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Wednesday, 23 March 2011
Page: 2895

Mr TEHAN (11:40 AM) —It gives me no joy to be speaking on the Electoral and Referendum Amendment (Provisional Voting) Bill 2011 today, because all this bill will do is affect the integrity of our voting system. The honourable member who just spoke mentioned the 2007 election and the seat of McEwen. I had some experiences with the voting and the vote counting in the seat of McEwen. There were multiple votes cast in that election and there was nothing that the AEC could do about it. I will give one example which I think illustrates why we have to be so careful to maintain the integrity of our electoral system. There was a parish priest who received a note from the AEC inquiring as to why he had voted three times in the electorate of McEwen. It turned out that someone had voted under his name in New South Wales and then twice within the electorate of McEwen at different polling booths. There was nothing that the AEC could do about it, apart from giving him a ‘Please explain’. When he explained that he had voted only once and had voted within the local community where he works, that was the end of the story, and those other two votes were counted.

The interesting thing about the McEwen electorate during the election of 2007 was that there were multiple cases of people casting more than one ballot, and it was the first time that the union movement en masse had been up to scrutineer and to also hand out how-to-vote cards at polling booths in that electorate. During the Work Choices campaign they bussed union officials into the electorate so that they could hand out how-to-vote cards and do the scrutineering. And—surprise, surprise!—we also saw an increase in multiple voting.

Mr Craig Thomson —That is drawing a long bow.

Mr TEHAN —It is not a long bow. If you look at the historical facts you will see that that is what occurred. First the coalition candidate was declared the winner, then the Labor Party candidate was declared the winner, and eventually the coalition was. It was that close, and that multiple voting could easily have been the thing that decided who won that seat. It goes to the heart of why we need to protect the integrity of our electoral roll, and the changes in this legislation will do nothing to do that.

We are heading for a system whereby anyone will be able to turn up and vote and be able to vote on multiple occasions. We are not moving to protect the integrity of the electoral roll. In fact, we are looking to weaken it and, by weakening it, we will harm our democratic processes here in Australia. People will begin to wonder whether we truly do have a democratic system when it is possible for people to be able to vote on more than one occasion.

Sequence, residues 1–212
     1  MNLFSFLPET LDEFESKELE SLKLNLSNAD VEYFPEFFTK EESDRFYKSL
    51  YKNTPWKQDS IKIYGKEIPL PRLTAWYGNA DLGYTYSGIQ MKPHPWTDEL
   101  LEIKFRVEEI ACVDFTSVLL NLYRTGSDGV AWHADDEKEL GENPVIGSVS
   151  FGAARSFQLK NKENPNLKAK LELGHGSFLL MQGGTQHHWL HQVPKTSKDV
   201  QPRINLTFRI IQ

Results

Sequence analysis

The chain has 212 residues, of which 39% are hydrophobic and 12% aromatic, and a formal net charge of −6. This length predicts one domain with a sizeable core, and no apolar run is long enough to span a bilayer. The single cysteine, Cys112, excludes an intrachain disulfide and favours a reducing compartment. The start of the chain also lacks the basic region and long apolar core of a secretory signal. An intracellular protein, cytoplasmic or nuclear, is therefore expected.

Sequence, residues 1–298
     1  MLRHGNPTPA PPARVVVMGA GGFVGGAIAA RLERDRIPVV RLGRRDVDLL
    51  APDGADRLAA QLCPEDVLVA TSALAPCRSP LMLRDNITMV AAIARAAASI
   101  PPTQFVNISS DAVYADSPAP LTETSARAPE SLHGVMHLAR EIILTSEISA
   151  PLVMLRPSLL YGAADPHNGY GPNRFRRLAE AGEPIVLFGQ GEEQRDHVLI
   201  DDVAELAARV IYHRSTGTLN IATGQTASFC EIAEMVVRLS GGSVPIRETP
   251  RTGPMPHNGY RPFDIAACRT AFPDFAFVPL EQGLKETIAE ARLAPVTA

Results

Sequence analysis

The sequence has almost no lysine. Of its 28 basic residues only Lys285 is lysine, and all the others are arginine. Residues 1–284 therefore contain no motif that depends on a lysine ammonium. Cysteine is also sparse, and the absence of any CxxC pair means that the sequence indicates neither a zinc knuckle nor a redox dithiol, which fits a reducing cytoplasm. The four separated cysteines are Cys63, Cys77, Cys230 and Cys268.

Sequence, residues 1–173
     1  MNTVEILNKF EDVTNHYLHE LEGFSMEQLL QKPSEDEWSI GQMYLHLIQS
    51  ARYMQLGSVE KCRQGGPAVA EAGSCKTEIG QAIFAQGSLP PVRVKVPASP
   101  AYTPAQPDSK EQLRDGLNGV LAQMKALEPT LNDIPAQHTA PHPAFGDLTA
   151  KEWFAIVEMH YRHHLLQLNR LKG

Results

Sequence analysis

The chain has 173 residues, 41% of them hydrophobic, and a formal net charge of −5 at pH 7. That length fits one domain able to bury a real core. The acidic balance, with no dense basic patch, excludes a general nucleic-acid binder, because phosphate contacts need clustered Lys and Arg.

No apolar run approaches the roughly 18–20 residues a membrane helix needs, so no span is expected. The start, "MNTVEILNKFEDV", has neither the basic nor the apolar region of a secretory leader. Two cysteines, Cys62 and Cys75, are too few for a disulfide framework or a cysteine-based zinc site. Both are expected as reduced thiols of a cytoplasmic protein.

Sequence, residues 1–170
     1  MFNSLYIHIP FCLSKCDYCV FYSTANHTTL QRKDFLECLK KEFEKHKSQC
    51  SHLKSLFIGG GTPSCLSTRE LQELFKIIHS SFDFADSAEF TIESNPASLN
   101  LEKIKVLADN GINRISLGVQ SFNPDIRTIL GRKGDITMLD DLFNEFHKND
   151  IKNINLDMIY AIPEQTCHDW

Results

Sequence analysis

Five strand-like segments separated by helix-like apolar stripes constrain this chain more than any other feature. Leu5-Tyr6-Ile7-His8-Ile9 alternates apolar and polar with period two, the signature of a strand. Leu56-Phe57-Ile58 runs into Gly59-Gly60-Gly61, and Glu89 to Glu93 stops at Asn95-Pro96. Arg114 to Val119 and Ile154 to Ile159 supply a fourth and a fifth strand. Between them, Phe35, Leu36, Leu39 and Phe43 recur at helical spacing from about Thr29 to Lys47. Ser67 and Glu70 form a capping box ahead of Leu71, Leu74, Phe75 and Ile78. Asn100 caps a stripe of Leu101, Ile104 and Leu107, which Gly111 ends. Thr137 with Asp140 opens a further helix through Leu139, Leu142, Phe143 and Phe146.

The honourable member who spoke previously talked about the 200,000 provisional votes which were cast at the last election: 28,000 of those were rejected under the changes introduced by the coalition in 2006, and 12,000 of those would have been eligible. What about the other 16,000? What was the situation with those votes? They were not found to be legitimate voters on the roll. Those 16,000 votes remain a mystery. How can we have a system whereby we allow people to cast their votes provisionally and not ask them to provide some identification? They do not have to do it on polling day. This change was a reasonable change; it just required them to provide some proof of who they are within seven days, to make sure there was not fraud and to protect the integrity of our system.

If you cannot provide identification in seven days, then you are not taking your vote seriously—the importance of that vote, the importance of our democratic system and the importance of providing integrity within that system. Sadly, in Third World countries, we see continual rorting of the democratic system and we have all seen what that leads to and the types of governments that we get from that. That is not what we want to see here in Australia. We want people to know that when they cast their vote every other citizen is casting their vote in exactly the same way. We want people to be confident that there are not some citizens voting maybe one, two or three times when others are doing the right thing. We need to have some safeguards, because, unfortunately, if you do not have the safeguards in the system, people will rort it. We as the coalition in 2006 did not make an onerous requirement. All we said was that people needed to provide some identification within seven days.